Kevin Nodarse, a senior at Christopher Columbus High School, can hardly remember the last time he sat down to read a newspaper.
“Oh god, that was awhile ago. It’s been a long time,” Nodarse, 17, said. Despite this, he has remained anything but uninformed. “With the internet, everything comes out from different outlets at the same time,” he explained. “You can see how all the info lines up, and say ‘okay, if ten credible sources are saying the same thing, it’s probably true.’”
Nodarse is one of many young people who have begun to seek alternatives to traditional media outlets, and finding them through social media networks and other online sources. For years, news has been imparted to the public on the printed page and over the airwaves. But with fifty-nine percent of Twitter users utilizing the social media network for news, as well as sixty-six percent of Facebook users and seventy percent of Reddit users utilizing those sites for the same purpose, the way Americans consume their news has begun to change—and the journalistic reformation has made its way into the halls of Christopher Columbus High School.
“I don’t think just because it’s traditional, it’s trustworthy,” said Pietro Palazzolo-Russo, a senior at Christopher Columbus High School, of conventional media outlets. “I feel like nowadays, the opinion of one network has become more polarized in comparison to the others. I feel like they’ve gotten more radical in a sense. Before, we used to be closer to a middle ground. Now we’re toward the ends.”
Nodarse agrees. “I think it’s almost impossible to completely eliminate personal bias,” he said. “I think [major news outlets] definitely editorialize to support their own viewpoints. It all depends on who actually is producing that segment, who’s anchoring, who wrote the script.”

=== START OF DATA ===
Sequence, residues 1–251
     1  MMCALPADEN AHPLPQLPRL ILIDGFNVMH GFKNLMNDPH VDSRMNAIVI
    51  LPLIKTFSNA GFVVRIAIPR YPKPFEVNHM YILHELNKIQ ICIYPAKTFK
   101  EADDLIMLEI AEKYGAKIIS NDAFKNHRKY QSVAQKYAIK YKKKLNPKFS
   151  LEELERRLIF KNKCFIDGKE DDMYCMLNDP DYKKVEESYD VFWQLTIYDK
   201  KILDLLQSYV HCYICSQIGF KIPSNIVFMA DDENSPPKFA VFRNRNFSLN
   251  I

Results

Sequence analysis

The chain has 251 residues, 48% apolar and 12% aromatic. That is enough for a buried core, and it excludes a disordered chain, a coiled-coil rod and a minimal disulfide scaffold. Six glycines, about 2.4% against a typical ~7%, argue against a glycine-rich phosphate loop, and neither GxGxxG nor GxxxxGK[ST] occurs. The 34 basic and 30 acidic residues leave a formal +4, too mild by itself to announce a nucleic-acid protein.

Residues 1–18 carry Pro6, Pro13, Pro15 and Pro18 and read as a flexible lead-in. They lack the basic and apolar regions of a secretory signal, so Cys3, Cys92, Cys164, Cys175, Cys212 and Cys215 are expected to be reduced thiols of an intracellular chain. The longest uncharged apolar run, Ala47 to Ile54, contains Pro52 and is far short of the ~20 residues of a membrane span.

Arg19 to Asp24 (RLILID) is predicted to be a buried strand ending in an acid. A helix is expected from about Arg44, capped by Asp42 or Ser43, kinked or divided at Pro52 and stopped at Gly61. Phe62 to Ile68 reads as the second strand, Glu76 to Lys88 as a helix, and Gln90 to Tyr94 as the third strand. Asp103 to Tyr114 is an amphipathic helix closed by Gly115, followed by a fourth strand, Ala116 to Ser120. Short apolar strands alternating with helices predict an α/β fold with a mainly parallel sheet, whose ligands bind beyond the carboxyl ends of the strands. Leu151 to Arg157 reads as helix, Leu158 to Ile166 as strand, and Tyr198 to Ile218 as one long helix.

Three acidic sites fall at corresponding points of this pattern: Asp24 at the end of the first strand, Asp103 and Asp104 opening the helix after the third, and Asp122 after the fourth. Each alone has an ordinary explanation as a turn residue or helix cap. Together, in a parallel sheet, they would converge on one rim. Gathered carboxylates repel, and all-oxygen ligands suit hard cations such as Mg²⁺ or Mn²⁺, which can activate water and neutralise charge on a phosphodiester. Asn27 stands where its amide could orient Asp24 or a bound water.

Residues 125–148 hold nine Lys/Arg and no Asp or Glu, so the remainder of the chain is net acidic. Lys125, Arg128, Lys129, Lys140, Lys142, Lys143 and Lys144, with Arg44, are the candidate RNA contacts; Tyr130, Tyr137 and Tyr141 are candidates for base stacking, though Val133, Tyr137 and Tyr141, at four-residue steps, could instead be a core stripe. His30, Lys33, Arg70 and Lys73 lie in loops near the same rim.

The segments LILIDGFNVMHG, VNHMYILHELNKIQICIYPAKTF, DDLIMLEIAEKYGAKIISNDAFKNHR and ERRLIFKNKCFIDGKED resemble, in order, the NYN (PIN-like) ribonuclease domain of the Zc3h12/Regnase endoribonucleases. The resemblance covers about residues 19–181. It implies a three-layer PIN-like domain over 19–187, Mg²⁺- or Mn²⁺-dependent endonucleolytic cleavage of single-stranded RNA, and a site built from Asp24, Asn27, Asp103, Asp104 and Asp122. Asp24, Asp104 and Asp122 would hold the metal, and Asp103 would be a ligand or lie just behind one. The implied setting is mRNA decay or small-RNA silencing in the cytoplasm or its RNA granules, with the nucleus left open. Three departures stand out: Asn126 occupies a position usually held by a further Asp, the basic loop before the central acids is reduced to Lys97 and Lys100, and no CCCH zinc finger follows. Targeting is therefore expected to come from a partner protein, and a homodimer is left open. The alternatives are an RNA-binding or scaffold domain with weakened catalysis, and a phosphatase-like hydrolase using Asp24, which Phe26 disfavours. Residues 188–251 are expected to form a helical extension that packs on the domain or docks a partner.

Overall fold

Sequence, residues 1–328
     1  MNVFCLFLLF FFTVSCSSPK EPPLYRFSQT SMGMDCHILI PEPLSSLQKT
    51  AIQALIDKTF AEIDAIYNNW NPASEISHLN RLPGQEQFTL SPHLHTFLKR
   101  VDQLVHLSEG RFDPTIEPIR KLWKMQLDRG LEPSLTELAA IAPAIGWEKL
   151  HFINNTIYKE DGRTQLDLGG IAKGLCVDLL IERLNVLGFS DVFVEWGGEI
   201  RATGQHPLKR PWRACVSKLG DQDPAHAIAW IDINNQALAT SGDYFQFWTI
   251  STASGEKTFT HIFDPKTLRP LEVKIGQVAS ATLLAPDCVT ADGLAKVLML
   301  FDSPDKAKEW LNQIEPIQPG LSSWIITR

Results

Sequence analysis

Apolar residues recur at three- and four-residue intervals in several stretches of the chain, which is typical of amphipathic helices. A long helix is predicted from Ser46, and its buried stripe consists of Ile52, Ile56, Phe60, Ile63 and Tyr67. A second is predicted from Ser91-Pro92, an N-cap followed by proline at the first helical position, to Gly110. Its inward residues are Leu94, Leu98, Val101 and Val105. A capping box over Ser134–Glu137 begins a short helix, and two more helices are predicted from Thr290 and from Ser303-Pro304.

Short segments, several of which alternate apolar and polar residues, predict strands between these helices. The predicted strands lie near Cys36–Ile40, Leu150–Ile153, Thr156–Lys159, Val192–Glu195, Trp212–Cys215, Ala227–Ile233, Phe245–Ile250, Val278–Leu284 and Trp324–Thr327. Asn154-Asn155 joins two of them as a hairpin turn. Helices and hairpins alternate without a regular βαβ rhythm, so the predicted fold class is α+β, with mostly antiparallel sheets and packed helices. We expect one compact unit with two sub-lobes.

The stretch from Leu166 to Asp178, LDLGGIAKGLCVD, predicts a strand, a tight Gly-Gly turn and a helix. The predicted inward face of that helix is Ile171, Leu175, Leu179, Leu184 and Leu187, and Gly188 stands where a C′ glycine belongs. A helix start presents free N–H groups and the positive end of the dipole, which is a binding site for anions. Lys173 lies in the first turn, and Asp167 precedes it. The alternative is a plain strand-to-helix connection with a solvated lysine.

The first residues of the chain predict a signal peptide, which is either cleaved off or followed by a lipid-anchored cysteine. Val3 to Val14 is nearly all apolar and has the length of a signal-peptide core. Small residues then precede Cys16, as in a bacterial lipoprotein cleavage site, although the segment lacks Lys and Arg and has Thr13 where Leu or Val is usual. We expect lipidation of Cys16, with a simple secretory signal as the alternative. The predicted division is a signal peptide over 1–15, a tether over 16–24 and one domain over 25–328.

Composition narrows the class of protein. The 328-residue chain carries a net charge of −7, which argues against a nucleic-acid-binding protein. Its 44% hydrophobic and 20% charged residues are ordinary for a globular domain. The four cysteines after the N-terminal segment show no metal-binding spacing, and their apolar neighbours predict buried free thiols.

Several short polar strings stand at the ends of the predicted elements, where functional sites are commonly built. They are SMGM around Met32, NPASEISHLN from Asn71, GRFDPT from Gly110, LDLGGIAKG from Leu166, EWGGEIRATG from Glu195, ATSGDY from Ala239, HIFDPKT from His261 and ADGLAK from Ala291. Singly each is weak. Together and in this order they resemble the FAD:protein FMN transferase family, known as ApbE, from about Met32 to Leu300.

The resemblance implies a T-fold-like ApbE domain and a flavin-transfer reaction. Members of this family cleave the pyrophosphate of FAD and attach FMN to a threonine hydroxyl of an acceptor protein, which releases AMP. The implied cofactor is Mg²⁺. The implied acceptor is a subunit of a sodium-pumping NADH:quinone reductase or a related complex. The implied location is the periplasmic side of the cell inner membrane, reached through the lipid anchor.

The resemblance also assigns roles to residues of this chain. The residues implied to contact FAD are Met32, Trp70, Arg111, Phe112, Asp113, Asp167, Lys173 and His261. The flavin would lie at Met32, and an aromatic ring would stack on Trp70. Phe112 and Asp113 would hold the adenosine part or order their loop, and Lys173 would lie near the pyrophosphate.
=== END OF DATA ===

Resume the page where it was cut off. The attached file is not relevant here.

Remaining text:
As students drift away from traditional news outlets and towards online sources, student media at the school has followed suit. The Log, Christopher Columbus High School’s student-run newspaper, made the shift two years ago from the printed page to the computer screen.
“It was a slow process,” Robert Linfors, faculty advisor to The Log, recalled. “For a few years we were actually doing both, and I wanted to get a feel for how the students reacted to it. And it was exactly what I thought would happen. The students liked the digital, and the teachers really liked the print.”
But as more news outlets shift from print to digital, Linfors worries that more of his students may not be consuming the most accurate or comprehensive information. “How much of the full truth are we getting on many of these stories?” Linfors asked. “I think they’re gonna have a lot of information on their fingertips, which is good. The downside of it is that there’s so much of it in a short format, and they won’t have the experience of going into stories in depth. And I think that’s a problem.”
Palazzolo-Russo recognizes these downsides as well. “The internet is a great resource and it opens doors to do research on any news I want,” the Columbus student said. “But for some sources, I have no way of telling how reputable it is. It could be made up for all I know.”
Despite this, Columbus students remain wary of traditional media outlets. Seeing the political climate as polarizing and traditional media sources as biased, students often look at news sources with a doubtful eye. “It makes me be more cautious,” Nodarse said. “I have to think about it and develop my own opinion, not basing it off of anyone else’s.”
The next time Palazzolo-Russo tunes into the evening news, he won’t expect any changes in old media’s divisiveness.
“I think in the near future it’s gonna grow. Maybe eventually it’ll find its balance, but I don’t think that’s gonna happen anytime soon.”